Why Knoxville?” It seemed as though every other day someone would ask why I chose Knoxville as the site for my research. Even local evangelicals, who might be expected to ask whether I was a Christian before anything else, were initially perplexed and amused that I chose to conduct my study in their city instead of another, presumably more obvious location. ...

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Chapter 4: The Names of Action

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pp. 85-120

The socially engaged evangelicals described in this book are not social or political activists in any conventional sense. They do not adhere to a particular social movement or activist identity; they do not organize rallies, protests, or other forms of direct action meant to sway public opinion or impress and intimidate public figures. ...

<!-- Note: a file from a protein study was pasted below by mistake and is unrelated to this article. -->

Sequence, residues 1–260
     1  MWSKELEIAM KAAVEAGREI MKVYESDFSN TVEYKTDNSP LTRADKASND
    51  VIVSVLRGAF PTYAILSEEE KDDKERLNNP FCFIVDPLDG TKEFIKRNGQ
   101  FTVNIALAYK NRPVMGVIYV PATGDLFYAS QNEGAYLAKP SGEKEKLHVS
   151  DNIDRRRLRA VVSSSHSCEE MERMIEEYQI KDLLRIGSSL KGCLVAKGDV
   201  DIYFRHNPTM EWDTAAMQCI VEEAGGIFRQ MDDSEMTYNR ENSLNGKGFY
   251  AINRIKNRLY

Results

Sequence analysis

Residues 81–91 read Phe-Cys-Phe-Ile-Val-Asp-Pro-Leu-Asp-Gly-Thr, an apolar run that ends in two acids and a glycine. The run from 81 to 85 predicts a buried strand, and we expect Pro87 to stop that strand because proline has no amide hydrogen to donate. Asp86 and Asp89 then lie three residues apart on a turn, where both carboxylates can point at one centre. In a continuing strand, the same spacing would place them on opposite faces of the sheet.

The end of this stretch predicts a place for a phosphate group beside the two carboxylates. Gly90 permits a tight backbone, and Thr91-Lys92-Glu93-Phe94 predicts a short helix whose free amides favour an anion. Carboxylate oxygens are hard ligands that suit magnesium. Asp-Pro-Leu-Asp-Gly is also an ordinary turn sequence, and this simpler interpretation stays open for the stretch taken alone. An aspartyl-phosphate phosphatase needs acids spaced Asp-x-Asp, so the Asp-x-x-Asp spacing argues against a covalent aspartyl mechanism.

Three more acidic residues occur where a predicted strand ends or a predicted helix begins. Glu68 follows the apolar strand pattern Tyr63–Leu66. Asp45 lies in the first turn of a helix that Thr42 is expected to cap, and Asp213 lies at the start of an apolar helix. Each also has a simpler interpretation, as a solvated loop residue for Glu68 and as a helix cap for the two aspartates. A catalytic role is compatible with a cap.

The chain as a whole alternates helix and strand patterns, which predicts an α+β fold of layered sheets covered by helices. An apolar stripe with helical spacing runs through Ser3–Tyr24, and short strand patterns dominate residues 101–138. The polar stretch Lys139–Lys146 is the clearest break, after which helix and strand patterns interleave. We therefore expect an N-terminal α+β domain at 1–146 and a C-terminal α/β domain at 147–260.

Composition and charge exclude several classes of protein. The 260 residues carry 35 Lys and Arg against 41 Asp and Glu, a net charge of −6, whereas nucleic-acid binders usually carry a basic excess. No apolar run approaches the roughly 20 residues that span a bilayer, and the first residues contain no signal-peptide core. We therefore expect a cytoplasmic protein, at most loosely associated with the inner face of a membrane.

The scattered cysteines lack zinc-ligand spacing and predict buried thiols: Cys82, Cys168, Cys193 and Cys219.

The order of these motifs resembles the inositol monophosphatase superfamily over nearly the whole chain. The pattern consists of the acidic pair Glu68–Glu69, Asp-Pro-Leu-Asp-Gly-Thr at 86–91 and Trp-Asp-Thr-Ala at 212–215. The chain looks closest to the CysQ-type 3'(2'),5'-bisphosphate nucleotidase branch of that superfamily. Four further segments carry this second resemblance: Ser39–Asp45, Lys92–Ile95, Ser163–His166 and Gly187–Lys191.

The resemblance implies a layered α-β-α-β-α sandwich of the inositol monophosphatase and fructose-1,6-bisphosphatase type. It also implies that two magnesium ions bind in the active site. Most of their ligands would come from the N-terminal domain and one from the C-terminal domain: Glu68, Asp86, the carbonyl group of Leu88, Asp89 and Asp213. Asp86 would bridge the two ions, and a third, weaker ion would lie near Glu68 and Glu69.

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Chapter 5: The Spiritual Injuries of Class

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pp. 121-152

There was a time, not so long ago, when conservative evangelicalism was widely assumed to be a “religion of the dispossessed” (Niebuhr 1929), a rigid sectarian faith reserved for the poor and uneducated masses who reject modernity and all that comes with it. On the contrary, many North American evangelicals are educated, economically well off, ...

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Chapter 6: Compassion Accounts

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pp. 153-182